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Patterns of Irregular Burials in Western Europe (1st-5th Century A.D.).

Milella M, Mariotti V, Belcastro MG, Knüsel CJ - PLoS ONE (2015)

Bottom Line: Different types of IB (especially prone depositions and depositions with the cephalic extremity displaced) present a series of characteristics and associations between features that permit a more detailed conceptualization of these occurrences from a socio-cultural perspective that aids to elucidate their funerary meaning.Altogether, the present work stresses the variability of IB, and the need to contextualize them in a proper archaeological and historical context.It contributes to the discussion of IB by providing a specific geographic and chronological frame of reference that supports a series of hypotheses about the cultural processes possibly underlying their occurrence.

View Article: PubMed Central - PubMed

Affiliation: Anthropological Institute and Museum, University of Zurich, Winterthurerstrasse 190, 8057 Zurich, Switzerland.

ABSTRACT

Background: Irregular burials (IB--burials showing features that contrast with the majority of others in their geographic and chronological context) have been the focus of archaeological study because of their relative rarity and enigmatic appearance. Interpretations of IB often refer to supposed fear of the dead or to social processes taking place in time-specific contexts. However, a comprehensive and quantitative analysis of IB for various geographical contexts is still lacking, a fact that hampers any discussion of these burials on a larger scale.

Methods: Here, we collected a bibliographic dataset of 375 IB from both Britain and Continental Europe, altogether spanning a time period from the 1st to the 5th century AD. Each burial has been coded according to ten dichotomous variables, further analyzed by means of chi-squared tests on absolute frequencies, non-metric multidimensional scaling, and cluster analysis.

Results: Even acknowledging the limits of this study, and in particular the bias represented by the available literature, our results point to interesting patterns. Geographically, IB show a contrast between Britain and Continental Europe, possibly related to historical processes specific to these regions. Different types of IB (especially prone depositions and depositions with the cephalic extremity displaced) present a series of characteristics and associations between features that permit a more detailed conceptualization of these occurrences from a socio-cultural perspective that aids to elucidate their funerary meaning.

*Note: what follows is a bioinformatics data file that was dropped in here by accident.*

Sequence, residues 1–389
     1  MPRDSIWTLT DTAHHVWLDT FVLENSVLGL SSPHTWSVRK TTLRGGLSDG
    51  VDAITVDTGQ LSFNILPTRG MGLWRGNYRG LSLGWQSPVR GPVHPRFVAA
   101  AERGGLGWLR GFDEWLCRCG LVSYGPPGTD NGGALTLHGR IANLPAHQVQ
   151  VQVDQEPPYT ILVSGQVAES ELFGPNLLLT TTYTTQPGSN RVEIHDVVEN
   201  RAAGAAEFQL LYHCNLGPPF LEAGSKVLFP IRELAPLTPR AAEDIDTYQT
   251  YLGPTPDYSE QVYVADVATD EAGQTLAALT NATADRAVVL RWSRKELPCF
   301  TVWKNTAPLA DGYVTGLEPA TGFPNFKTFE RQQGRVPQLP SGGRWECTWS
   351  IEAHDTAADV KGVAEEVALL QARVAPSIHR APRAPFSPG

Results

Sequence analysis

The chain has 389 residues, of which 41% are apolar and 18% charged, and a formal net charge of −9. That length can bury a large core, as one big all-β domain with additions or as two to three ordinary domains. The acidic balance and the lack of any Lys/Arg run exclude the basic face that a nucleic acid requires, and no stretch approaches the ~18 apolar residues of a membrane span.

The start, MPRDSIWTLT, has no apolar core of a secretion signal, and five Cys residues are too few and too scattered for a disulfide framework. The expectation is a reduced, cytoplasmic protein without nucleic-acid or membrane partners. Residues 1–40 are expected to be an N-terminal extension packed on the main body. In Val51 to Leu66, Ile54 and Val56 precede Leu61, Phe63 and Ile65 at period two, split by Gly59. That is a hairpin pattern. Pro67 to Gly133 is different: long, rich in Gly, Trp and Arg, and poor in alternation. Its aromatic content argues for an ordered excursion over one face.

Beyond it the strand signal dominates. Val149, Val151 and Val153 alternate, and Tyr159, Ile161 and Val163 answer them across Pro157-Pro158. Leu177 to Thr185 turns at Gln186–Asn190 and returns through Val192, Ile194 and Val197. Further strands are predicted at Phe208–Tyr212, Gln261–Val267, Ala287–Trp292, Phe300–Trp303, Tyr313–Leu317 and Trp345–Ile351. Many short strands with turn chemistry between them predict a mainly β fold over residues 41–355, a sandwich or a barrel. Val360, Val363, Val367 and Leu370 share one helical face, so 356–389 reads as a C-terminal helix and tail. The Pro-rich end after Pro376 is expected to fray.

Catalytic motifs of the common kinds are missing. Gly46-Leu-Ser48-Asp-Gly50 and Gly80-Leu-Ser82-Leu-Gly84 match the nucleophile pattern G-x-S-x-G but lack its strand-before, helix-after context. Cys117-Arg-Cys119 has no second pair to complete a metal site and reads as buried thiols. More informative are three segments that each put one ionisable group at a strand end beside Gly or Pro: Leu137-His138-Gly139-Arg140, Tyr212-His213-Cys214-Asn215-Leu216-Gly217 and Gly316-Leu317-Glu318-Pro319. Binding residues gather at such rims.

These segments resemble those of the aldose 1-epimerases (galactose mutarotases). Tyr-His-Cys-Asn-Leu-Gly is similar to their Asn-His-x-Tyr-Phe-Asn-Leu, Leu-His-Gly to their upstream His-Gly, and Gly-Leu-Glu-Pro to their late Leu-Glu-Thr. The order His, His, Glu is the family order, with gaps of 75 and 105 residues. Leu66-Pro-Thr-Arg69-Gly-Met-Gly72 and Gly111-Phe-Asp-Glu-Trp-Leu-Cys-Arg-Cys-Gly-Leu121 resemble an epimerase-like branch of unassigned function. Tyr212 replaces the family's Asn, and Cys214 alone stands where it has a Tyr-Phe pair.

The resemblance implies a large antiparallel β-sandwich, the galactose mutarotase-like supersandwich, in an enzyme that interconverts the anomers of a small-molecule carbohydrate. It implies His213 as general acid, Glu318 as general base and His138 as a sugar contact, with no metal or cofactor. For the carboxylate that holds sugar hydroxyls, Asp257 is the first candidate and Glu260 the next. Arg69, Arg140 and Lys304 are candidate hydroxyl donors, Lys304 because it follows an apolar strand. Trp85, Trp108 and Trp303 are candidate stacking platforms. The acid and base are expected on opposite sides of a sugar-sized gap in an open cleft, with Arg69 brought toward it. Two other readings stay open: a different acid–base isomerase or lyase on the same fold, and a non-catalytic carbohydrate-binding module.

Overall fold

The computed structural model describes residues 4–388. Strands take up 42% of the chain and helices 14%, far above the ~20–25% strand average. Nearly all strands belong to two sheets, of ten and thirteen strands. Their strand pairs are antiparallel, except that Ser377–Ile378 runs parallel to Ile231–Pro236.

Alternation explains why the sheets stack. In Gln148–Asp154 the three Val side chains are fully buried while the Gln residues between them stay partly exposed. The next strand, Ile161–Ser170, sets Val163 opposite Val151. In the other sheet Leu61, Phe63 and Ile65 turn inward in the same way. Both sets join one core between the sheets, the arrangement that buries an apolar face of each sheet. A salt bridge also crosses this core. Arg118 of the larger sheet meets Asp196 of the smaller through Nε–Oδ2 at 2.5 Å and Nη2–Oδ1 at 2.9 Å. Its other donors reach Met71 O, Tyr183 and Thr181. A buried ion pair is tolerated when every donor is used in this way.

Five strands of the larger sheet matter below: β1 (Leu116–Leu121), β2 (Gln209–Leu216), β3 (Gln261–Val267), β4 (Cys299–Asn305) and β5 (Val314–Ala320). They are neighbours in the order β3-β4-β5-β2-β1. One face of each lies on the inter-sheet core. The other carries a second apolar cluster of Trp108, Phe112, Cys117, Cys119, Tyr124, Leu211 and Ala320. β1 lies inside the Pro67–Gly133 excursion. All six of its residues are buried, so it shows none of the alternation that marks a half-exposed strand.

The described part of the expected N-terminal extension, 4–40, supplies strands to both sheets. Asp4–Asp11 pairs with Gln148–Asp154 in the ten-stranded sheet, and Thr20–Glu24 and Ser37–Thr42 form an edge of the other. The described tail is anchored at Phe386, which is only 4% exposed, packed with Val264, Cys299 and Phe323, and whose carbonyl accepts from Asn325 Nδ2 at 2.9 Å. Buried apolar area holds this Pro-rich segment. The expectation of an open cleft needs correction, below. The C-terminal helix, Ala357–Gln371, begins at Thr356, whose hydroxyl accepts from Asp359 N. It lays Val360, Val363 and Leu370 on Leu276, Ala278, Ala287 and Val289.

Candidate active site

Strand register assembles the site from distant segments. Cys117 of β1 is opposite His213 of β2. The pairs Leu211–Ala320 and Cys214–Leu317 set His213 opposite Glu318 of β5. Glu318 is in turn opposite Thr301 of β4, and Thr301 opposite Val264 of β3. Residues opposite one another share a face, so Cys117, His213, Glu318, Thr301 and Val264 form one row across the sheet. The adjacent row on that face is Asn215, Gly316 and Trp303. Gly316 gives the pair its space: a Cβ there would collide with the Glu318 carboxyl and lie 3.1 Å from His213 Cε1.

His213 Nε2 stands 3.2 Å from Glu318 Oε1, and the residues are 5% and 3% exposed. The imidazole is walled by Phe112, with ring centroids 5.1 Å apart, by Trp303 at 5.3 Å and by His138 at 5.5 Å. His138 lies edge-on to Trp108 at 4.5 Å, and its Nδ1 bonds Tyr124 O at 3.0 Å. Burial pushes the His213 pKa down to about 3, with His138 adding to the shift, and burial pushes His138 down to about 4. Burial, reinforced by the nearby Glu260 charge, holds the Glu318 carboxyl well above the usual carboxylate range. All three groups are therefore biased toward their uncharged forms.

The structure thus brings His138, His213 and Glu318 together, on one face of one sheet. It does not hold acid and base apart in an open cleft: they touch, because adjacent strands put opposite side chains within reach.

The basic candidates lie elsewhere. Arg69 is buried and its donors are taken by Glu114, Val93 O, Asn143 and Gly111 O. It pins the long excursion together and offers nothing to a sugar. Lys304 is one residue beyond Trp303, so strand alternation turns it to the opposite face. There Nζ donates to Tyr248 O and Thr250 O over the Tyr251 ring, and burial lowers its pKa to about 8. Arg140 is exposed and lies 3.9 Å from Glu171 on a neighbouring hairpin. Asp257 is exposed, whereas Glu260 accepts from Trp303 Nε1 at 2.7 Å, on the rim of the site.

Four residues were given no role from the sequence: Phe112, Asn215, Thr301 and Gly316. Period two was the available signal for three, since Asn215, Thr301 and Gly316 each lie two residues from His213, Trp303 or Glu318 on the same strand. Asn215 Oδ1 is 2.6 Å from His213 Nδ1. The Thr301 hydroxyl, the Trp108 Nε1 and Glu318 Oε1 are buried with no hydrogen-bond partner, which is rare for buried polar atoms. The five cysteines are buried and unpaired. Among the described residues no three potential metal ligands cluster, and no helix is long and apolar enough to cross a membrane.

Conclusions and significance: Altogether, the present work stresses the variability of IB, and the need to contextualize them in a proper archaeological and historical context. It contributes to the discussion of IB by providing a specific geographic and chronological frame of reference that supports a series of hypotheses about the cultural processes possibly underlying their occurrence.

No MeSH data available.


Geographical distribution of the prone burials and burials with the cephalic extremity displaced.Each dot represents a site. Grey and black dots indicate, respectively, prone burials and burials with the cephalic extremity displaced. Note the wide distribution of prone burials in both Continental Europe and Britain, and the cluster of burials with the cephalic extremity displaced in the latter.
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pone.0130616.g001: Geographical distribution of the prone burials and burials with the cephalic extremity displaced.Each dot represents a site. Grey and black dots indicate, respectively, prone burials and burials with the cephalic extremity displaced. Note the wide distribution of prone burials in both Continental Europe and Britain, and the cluster of burials with the cephalic extremity displaced in the latter.

Mentions: Each burial was scored according to ten variables (Table 1). Variables were selected in order to summarize the irregular features of each case as well as to maximize the comparability between cases while minimizing the bias introduced by the lax or unclear terminology employed in older publications. Accordingly, information on sex, age-at-death and pathological conditions was not included due to an overall lack of pertinent data or due to dubious attributions. Only the presence of subadults, which can be confidently assessed even from older publication, was considered. The same rationale led to the exclusion of features often interpreted in the context of IB (e.g. skeletons covered by stones, presence of amulets [4,8] or position of the grave with respect to the burial area [4]). The exclusion of cases for which variables were not reported led to a reduction of the initial sample to 375 inhumations (Fig 1 and S1 Table).